Design Patterns: Best Practices for Application Development
Whether you’re building a website, web app or mobile app, the success of the project will hinge on how well the developer can meet the project requirements. For larger projects, there could be a team of developers that must work together to achieve their goals.
Developing in a complex environment is one of the primary reasons why the concept of design patterns was initially introduced. Design patterns are solutions to software design problems that occur consistently in real-world application development. These patterns present a reusable framework of designs and interactions of objects.
One of the aspects that I like about design patterns is that for a developer to even grasp the value of using such a construct, they will have to have attained some level of sophistication with how they think about code. Having applied design patterns in software projects means that they both care about constructing an optimal OOP relation to solve a problem gracefully, as well as have resisted their own temptation to code something up out of their own mind.
I often use this observation to evaluate the developers that I hire, and have had great success evaluating how developers think about coding. There are very few problems which cannot be decomposed into one or more applications of those 23 design patterns. With over 20 years of development experience I continually look for opportunities which may expose a yet undiscovered design pattern, but I cannot say I have found one that generalize as well as these.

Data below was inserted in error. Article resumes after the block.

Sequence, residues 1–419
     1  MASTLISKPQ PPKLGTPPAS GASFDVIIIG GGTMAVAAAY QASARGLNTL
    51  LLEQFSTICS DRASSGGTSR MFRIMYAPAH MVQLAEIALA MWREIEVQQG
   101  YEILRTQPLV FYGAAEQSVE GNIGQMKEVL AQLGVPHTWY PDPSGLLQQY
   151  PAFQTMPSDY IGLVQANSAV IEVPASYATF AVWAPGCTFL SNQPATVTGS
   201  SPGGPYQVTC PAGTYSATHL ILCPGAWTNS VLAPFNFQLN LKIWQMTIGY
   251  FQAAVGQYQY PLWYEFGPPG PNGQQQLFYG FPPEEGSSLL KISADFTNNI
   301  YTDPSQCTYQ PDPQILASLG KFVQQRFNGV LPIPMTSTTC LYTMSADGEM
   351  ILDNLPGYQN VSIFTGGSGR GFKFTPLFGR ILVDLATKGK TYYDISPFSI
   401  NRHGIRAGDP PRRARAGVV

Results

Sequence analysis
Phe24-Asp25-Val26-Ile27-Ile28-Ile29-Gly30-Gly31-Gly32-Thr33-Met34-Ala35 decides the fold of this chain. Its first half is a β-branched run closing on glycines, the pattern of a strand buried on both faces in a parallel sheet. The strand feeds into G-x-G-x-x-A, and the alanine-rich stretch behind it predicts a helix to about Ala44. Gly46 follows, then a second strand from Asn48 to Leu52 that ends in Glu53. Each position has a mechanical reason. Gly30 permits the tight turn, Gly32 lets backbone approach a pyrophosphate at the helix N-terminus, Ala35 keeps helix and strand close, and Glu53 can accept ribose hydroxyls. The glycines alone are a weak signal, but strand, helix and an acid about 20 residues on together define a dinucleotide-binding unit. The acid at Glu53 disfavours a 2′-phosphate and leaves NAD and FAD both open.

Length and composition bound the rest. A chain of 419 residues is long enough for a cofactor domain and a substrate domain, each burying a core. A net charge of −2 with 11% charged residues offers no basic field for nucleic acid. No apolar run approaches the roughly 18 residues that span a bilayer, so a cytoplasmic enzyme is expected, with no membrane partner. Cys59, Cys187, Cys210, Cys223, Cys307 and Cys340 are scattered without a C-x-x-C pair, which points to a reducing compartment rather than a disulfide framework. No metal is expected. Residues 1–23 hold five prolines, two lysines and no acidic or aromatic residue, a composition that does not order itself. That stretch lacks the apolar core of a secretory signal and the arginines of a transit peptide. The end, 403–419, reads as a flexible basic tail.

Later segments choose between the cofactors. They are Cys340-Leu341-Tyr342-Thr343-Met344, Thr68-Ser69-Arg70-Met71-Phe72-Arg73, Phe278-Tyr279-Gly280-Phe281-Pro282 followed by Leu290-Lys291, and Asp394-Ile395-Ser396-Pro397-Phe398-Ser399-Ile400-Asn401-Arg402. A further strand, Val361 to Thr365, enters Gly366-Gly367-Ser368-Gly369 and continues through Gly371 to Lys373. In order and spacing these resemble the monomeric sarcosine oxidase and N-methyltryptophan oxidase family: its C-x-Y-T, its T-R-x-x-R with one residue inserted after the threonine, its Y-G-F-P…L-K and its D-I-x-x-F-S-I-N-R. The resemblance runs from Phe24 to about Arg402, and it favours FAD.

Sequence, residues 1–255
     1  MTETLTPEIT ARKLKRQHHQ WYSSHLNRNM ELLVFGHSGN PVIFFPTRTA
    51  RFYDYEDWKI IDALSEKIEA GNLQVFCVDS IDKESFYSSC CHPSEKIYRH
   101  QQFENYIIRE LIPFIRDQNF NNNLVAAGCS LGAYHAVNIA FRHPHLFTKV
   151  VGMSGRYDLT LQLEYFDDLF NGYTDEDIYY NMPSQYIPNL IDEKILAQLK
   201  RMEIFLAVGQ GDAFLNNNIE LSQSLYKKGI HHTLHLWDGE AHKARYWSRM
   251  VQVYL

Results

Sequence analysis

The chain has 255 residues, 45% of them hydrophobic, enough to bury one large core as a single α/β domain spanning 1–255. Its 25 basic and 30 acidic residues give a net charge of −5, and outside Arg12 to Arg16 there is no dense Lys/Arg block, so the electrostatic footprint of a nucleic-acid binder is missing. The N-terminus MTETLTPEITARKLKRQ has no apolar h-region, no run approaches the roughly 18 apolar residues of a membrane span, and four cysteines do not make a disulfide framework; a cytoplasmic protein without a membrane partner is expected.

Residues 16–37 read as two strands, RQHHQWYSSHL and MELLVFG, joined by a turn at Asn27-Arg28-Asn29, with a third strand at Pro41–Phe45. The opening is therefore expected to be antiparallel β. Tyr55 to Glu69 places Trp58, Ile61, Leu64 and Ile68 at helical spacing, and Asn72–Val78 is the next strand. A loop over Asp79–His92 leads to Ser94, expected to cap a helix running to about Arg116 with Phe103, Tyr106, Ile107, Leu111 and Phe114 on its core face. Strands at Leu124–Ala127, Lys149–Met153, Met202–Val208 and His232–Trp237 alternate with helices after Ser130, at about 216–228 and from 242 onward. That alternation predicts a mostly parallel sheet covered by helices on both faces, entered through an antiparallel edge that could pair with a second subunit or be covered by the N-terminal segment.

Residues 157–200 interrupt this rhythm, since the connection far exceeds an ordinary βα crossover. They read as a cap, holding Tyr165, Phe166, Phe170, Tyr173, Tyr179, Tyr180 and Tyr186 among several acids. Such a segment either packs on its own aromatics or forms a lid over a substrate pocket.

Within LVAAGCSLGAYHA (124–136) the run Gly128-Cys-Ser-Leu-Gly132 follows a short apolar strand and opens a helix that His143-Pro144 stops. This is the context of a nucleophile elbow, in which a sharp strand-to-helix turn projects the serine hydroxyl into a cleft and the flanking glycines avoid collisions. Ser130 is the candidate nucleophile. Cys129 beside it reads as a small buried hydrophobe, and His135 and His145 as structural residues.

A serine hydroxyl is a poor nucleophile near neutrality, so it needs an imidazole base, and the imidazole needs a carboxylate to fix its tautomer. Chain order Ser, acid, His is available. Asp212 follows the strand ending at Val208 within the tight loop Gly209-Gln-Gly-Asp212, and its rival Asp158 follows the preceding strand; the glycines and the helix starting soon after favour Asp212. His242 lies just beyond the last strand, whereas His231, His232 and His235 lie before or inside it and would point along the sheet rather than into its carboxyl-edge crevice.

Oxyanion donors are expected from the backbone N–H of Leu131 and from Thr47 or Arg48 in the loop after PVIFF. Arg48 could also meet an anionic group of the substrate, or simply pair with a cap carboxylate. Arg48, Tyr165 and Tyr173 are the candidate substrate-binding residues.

Design patterns provide a common platform and a standard terminology for developers. When developers are using a singleton design pattern, their teammates will understand that a single object is in use.
As design patterns have evolved over the past 20+ years, they’ve become best practices for common development issues. Becoming aware of design patterns can also introduce these best practices and assist less experienced developers learn software design in a more efficient and collaborative way.
The concept of design patterns in software development was originally presented in the 1994 book Design Patterns: Elements of Reusable Object-Oriented Software. The book was written by four authors who are now known collectively as the “Gang of Four”.
Regarded as an important source for object-oriented design theory and practice, the book has become highly influential in the field of software engineering. The first two chapters of Design Patterns is focused on exploring the capabilities and pitfalls of object-oriented programming. The remainder of the book describes the 23 software design patterns.
The 23 patterns developed by the Gang of Four are generally considered the foundation for all other patterns. They are categorized in three groups: Creational, Structural, and Behavioral.
The origin of design patterns tells us a lot about why they exist. In the 1970’s, out of the famed Xerox PARC days, arose an object-oriented-programming language called Smalltalk which was very influential on all subsequent programming language’s design.